Carson went on to say that HSAs could be passed on to surviving family members, so “there’s nobody talking about death panels,” in an obvious reference to the controversial “death panels” discussed during negotiations and after passage of the ACA.
Regarding those who cannot afford health insurance, Carson suggested, “We can make contributions to their HSA each month,” he said, adding, “we already have this huge pot of money; instead of sending it to some bureaucracy let’s put it in their HSAs. Now they have some control over their own health care.”
[The above, beginning immediately after, “For example, he said,” is quoted here but originated from Carson’s speech, as can be watched at the link provided below.]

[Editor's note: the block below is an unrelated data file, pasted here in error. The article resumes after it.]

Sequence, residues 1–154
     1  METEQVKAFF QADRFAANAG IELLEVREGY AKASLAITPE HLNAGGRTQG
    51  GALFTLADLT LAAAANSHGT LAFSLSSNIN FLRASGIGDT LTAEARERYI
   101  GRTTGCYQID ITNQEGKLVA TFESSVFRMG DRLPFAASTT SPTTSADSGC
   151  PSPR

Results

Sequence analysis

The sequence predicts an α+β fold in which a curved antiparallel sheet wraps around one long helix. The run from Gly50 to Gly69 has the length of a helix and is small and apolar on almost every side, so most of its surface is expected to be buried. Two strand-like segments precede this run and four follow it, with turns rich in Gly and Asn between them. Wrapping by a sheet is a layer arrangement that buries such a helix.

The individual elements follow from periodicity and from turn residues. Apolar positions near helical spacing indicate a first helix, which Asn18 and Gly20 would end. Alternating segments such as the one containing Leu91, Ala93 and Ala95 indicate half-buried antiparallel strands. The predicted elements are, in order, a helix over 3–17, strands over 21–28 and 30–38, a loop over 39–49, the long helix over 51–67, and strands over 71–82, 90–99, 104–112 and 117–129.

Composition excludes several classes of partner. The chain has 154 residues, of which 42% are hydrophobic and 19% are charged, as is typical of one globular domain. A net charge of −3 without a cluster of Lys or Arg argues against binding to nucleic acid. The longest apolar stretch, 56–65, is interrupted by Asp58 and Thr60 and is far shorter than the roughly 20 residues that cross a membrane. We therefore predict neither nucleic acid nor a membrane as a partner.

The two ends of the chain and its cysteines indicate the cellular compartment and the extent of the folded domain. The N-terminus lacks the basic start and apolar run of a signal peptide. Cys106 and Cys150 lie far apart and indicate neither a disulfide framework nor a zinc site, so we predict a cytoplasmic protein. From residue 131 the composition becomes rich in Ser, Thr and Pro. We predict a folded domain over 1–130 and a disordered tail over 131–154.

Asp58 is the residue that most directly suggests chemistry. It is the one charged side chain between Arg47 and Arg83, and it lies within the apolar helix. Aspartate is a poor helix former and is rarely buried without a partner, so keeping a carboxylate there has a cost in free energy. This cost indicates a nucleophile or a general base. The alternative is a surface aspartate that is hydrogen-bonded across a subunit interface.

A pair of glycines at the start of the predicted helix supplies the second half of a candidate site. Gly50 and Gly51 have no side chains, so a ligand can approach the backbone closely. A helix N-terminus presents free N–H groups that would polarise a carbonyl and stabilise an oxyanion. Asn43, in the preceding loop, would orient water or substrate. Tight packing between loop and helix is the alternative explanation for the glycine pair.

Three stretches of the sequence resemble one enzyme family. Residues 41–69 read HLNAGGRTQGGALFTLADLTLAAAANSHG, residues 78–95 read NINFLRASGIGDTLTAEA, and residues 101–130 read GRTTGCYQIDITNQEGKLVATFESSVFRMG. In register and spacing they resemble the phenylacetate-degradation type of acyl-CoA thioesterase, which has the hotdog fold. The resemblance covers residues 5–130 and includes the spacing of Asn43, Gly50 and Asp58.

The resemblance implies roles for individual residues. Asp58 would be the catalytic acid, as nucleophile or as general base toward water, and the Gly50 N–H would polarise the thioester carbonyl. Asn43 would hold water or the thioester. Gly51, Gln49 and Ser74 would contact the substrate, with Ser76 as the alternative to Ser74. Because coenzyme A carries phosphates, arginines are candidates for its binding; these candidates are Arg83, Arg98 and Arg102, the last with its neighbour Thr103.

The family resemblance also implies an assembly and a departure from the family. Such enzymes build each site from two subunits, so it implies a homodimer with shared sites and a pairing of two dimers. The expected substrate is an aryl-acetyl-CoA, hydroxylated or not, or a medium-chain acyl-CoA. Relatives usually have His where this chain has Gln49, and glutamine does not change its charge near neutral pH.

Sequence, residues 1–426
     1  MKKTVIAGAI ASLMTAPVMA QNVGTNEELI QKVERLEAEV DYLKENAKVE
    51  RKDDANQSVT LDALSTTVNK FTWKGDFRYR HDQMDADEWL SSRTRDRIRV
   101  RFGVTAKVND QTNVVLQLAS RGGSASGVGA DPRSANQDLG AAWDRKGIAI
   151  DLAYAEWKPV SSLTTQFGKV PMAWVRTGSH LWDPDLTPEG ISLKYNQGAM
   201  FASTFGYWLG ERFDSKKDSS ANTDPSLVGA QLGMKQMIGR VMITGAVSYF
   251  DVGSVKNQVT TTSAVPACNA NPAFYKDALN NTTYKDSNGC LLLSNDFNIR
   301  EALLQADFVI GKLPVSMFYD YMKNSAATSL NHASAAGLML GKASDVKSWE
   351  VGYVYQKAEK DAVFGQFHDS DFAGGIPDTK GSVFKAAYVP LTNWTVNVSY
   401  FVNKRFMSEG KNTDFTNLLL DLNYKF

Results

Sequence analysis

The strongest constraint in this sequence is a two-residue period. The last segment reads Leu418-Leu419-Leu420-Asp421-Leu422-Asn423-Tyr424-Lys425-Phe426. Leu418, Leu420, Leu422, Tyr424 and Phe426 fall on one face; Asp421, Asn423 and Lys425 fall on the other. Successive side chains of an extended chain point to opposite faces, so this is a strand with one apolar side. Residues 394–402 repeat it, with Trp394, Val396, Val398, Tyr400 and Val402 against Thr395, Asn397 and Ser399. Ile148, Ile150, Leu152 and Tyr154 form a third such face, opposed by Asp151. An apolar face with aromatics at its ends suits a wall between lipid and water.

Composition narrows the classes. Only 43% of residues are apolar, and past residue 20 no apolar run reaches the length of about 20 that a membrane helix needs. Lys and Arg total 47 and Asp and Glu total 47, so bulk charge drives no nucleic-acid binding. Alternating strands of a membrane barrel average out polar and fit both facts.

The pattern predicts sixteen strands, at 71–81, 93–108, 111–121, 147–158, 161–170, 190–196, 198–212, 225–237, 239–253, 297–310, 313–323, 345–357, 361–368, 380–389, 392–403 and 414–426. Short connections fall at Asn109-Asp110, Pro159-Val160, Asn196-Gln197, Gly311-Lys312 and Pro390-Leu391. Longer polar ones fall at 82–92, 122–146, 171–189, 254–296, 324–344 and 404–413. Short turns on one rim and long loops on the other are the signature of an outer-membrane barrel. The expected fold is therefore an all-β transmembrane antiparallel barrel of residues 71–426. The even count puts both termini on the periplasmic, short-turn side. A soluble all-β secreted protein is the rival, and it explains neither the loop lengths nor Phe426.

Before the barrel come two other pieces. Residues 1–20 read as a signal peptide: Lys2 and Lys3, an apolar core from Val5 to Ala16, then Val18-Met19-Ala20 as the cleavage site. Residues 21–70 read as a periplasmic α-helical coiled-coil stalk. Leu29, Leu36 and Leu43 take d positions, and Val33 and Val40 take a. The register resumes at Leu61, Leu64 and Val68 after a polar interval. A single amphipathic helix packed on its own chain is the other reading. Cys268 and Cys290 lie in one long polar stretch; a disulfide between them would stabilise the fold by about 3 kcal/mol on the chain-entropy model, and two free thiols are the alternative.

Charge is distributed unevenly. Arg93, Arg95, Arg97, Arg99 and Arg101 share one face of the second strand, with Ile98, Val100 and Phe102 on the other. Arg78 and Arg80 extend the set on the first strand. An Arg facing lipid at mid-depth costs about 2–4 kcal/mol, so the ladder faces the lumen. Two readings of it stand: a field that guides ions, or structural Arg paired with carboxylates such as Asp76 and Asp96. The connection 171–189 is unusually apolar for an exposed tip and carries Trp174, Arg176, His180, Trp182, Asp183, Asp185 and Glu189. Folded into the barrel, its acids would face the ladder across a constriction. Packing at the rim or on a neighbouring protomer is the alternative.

Most conservatives understand that many of the problems inherent in the nation’s health care industry such as costly insurance premiums could be cured fairly easily by allowing insurance providers to compete across state lines. But Carson clearly takes a much more costly and complicated approach.
Let’s look a little closer at some of the words he used to describe his solution…
…electronic medical records…
…pre-tax contributions from the time you’re born to the time you die…
…we already have this huge pot of money…
I don’t know about you, but my conservative mind is reviewing those words and going…
Hummmm… Doesn’t “electronic medical records” mean “computerized record-keeping?” As in “ObamaCare”… along with which its required computerized record-keeping we conservatives have been discussing the dangers of since the advent of the ACA?